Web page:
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Farmers reject FCTC ratification

Tobacco farmers in Sumber Pinang village, Pakusari district, Jember, East Java, have expressed their opposition to the government’s plan to ratify the UN Framework Convention on Tobacco Control (FCTC), saying they lacked options if forced to transition to other crops.

After years of resisting ratification of the UN convention, the Health Ministry recently announced that the government would formally adopt the convention after Idul Fitri.

A farmer, Abdurahman, said he was worried about the enforcement of the plan, as demand for the Kasturi variety of tobacco in Jember had dropped dramatically from last year.

While tobacco fields in the region covered a total area of 6,400 hectares in 2015, the planting area this year, according to estimates, has shrunk to only 4,700 ha. Reduced planting activity is also attributed to declining interest of farmers in growing tobacco.

“This is because of the continued intense interference of foreign NGOs on tobacco issues and in the tobacco industry in Indonesia,” said the leader of the Jember Kasturi Tobacco Growers Association.

He was referring to a report by Human Rights Watch (HRW), which revealed that thousands of children in Indonesia were exposed to hazardous conditions on tobacco farms where they work as laborers.

According to Abdurahman, various tobacco-related regulations adopted in line with global norms are not suitable to conditions on tobacco plantations in the country. He cited the ban against children employed in tobacco growing activities as an alien concept in Indonesia. He said tobacco farming in Indonesia would slowly die due to such regulations, because the younger generation would no longer be interested in planting tobacco, and domestic tobacco demand would be met by imports.

Suwarno, another Kasturi tobacco farmer from the village of Nogosari in Balung district, Jember, expressed similar concerns.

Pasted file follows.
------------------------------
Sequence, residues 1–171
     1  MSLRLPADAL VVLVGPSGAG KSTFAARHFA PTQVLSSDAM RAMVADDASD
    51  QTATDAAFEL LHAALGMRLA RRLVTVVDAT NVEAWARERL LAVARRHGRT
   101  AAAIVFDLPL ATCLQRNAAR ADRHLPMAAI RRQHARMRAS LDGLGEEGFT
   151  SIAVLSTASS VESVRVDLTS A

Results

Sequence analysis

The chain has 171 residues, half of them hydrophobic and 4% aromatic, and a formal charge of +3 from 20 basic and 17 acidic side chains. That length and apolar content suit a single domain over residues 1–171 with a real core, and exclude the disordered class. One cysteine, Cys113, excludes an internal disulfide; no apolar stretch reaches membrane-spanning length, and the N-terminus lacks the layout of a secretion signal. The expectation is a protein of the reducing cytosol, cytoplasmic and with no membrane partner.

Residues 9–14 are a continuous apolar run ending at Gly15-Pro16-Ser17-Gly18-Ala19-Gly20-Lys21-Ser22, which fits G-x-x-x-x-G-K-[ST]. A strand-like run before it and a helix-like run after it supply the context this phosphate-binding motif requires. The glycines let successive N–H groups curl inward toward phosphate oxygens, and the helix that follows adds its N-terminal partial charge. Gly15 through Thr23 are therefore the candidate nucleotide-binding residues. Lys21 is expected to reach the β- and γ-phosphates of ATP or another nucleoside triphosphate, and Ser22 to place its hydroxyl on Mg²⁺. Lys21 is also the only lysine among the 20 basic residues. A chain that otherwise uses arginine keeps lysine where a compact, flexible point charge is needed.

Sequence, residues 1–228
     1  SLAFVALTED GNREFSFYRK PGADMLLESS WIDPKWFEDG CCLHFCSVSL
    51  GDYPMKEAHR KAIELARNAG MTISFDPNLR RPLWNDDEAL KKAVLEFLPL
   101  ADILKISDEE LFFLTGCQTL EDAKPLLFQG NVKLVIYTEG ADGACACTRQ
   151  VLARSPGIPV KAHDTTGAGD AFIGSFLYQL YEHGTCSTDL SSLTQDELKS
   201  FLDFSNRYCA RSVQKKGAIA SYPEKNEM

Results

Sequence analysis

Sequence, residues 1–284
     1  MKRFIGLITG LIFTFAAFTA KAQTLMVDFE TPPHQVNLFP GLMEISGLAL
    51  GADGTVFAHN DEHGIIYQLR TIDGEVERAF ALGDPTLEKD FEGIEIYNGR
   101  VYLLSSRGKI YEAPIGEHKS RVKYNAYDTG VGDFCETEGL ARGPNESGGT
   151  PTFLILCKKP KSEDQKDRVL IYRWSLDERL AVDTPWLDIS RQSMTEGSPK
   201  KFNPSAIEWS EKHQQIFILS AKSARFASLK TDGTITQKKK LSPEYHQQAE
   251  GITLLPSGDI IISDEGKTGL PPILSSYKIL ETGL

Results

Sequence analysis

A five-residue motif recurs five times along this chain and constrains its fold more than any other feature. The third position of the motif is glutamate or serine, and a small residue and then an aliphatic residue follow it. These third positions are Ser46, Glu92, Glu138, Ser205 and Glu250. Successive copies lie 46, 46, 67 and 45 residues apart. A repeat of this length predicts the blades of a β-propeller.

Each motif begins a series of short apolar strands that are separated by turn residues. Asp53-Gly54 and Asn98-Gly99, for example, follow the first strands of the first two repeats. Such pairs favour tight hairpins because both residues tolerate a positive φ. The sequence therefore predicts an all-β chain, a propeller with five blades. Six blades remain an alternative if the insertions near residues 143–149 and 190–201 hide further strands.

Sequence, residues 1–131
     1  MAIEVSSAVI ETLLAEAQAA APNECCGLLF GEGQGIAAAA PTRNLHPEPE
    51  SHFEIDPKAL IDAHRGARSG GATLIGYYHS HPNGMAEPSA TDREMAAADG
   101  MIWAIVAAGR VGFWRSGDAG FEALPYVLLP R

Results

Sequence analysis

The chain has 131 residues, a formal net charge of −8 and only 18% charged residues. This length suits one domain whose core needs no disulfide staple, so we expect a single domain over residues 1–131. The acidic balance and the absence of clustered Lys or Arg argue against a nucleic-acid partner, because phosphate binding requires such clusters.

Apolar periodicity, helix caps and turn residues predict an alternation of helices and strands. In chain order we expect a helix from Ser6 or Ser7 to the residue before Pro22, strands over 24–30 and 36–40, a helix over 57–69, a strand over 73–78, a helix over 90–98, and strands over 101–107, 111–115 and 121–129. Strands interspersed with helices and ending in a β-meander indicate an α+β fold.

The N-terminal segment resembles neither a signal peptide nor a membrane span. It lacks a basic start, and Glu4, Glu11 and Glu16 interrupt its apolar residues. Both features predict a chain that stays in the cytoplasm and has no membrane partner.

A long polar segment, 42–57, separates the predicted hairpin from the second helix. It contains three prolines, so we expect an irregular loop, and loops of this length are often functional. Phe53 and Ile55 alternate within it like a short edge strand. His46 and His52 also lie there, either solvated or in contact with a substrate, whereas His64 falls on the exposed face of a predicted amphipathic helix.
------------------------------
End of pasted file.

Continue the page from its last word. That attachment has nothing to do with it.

Various strict rules had been applied by companies wishing to buy tobacco from farmers. The farmers had to abide by the rules if they wanted their tobacco to be bought.

“I totally agree with East Java Governor Soekarwo’s stance to firmly reject intervention by foreign NGOs that are making efforts to regulate the marketing of tobacco in Indonesia,” said Suwarno.

Last week in Surabaya, Soekarwo strongly rejected efforts by NGOs lobbying the government to ratify the FCTC. He asked the foreign NGOs not to interfere in tobacco issues in Indonesia, especially in East Java.

“No, no. They don’t have any business here. Tobacco is the life of the people of East Java. Why should we be regulated by foreign NGOs. Let foreign NGOs take care of their own matters,” said Soekarwo.

Indonesian Tobacco Farmers Association (APTI) head Soeseno has also expressed support for Soekarwo. According to him, within the guidelines of the FCTC, there were some excessive provisions that could shut down the entire tobacco industry in Indonesia.

“If Indonesia ratifies the FCTC, we have to switch from planting tobacco. The wellbeing of around 2 million tobacco farmers and millions of tobacco workers across Indonesia will be threatened. Up until now, there is no other commodity with profits like tobacco, and generally, only tobacco can be grown on dry land during the dry season,” said Soeseno.

He deemed FCTC a hidden agenda by foreign parties to kill off the tobacco industry relied upon by more than 6 million people in Indonesia. The tobacco industry was the third largest contributor to taxes in 2015 at Rp 173.9 trillion (US$13.2 billion).

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